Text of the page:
CHICAGO — Mayor Lori Lightfoot said Tuesday that Ald. Jim Gardiner (45th) “overstates his ability” to block The Point at Six Corners, a huge development proposed for the busy intersection of Cicero Avenue, Milwaukee Avenue and Irving Park Road.
Gardiner announced Friday that he opposed the updated plans for the Point at Six Corners development, which would include a 10-story complex with 103 independent living apartments, 148 assisted living and memory care apartment, 10 on-site affordable housing apartments and 215 off-street parking spaces.
“Based upon community feedback received through a multitude of forums over the course of several months, I am unable to support the current proposal,” Gardiner said in a Friday afternoon newsletter. “Going forward, I am eager to work towards identifying compromises that bring in new investments to Six Corners and better resemble guidelines set forth by the Six Corners Economic Development Master Plan.”
Lightfoot’s brief remarks indicate that the brewing dispute over the $130 million project in the heart of what was once the city’s premiere shopping district, but is now pockmarked with empty storefronts, may become the latest flashpoint in the mayor’s battle to roll back so-called “aldermanic prerogative” and build more affordable housing.
During her campaign, Lightfoot vowed to end the practice of allowing aldermen the final say on projects in their ward as part of an effort to root out corruption and make Chicago more equitable.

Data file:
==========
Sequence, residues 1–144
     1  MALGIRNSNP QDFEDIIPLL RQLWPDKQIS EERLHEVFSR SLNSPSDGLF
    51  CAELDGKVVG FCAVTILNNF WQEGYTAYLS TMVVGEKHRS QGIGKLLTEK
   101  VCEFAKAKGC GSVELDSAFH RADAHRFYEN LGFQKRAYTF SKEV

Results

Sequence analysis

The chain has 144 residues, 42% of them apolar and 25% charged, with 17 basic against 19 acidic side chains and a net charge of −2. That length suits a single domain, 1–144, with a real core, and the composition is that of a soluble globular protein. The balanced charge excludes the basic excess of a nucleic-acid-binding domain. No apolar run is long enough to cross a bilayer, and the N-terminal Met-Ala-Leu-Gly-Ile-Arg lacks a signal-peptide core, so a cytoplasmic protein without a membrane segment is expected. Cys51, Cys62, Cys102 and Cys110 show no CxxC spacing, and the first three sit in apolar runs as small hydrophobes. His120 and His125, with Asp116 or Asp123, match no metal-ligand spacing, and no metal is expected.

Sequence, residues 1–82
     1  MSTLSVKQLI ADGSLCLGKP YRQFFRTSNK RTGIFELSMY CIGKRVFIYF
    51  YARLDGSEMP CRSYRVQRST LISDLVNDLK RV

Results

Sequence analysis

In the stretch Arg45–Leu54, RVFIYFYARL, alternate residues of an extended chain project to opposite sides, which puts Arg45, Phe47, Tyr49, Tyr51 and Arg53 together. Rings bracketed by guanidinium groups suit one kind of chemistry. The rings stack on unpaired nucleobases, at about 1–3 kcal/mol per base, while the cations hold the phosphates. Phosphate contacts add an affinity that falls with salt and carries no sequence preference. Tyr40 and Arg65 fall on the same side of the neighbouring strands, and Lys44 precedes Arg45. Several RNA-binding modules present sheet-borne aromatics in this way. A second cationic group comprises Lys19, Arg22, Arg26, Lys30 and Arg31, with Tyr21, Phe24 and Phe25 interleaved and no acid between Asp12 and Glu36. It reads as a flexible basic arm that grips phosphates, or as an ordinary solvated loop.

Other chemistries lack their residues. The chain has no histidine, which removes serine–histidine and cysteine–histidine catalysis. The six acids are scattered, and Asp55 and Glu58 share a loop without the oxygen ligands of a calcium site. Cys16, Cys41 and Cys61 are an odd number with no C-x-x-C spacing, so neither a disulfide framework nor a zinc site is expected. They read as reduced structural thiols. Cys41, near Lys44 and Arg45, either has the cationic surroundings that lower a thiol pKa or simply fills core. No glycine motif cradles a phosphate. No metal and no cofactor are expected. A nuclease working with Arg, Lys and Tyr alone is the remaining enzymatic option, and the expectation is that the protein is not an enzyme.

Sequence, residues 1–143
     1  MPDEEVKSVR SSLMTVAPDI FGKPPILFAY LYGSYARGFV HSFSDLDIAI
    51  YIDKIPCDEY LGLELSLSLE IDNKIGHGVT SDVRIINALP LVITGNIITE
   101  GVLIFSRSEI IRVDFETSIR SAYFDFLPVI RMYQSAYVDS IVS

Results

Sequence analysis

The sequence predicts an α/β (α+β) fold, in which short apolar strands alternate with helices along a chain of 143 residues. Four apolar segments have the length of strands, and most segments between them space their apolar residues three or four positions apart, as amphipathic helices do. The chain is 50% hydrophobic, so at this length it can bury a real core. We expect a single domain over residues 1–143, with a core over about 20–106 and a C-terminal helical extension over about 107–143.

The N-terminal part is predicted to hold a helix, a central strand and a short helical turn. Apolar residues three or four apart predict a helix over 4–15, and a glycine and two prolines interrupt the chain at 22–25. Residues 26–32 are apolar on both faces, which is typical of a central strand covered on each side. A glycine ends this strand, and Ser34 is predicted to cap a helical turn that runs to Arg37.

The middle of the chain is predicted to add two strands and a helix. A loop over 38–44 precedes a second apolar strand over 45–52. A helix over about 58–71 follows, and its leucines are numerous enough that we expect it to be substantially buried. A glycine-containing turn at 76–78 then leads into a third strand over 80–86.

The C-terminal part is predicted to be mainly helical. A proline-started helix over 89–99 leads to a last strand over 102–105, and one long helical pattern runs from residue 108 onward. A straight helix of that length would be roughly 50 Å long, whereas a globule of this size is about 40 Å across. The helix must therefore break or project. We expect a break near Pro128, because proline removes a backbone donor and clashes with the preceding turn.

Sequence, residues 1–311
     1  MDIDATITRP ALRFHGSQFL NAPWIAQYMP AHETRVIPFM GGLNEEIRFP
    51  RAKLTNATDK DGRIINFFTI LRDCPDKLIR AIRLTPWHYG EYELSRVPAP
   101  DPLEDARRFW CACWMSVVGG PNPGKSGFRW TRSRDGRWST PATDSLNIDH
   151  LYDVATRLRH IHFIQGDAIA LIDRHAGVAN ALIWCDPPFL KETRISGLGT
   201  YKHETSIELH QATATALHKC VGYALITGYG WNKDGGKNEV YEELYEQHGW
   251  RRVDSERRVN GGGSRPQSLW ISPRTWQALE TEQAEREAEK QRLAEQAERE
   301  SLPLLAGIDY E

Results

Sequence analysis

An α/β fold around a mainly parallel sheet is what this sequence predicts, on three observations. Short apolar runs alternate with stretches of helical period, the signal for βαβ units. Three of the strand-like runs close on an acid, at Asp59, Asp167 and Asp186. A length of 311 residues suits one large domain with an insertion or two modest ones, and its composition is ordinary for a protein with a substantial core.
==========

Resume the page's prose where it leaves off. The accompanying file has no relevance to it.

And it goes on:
Critics of the largely unwritten policy contend it has fostered racism and gentrification in Chicago.
Lightfoot, whose first act as mayor was to issue an executive order rolling back aldermanic prerogative when it comes to licenses and permits, has also promised changes to the city’s zoning code — which would strike at the heart of aldermanic power over developments like the one at Six Corners.
In April, former Ald. Margaret Laurino (39th) blocked a vote by the City Council’s Zoning Committee by calling for quorum vote at the request of Gardiner, who was then the alderman-elect after defeating Ald. John Arena (45th).
Arena had championed the project, proposed by the developer Ryan Companies, which also includes an Aldi grocery store and public plaza.
During that meeting, Gardiner sat with opponents of the project who told aldermen it needed to be made more affordable for residents of Portage Park.
Ryan Companies had not initially planned to set aside units as part of the development for low- and moderate-income Chicagoans, but the firm did so at Gardiner’s request when he asked them to revise the plans.
Gardiner did not return a phone message from The Daily Line seeking a response to Lightfoot’s comments.
Block Club Chicago’s Alex V. Hernandez contributed to this report.
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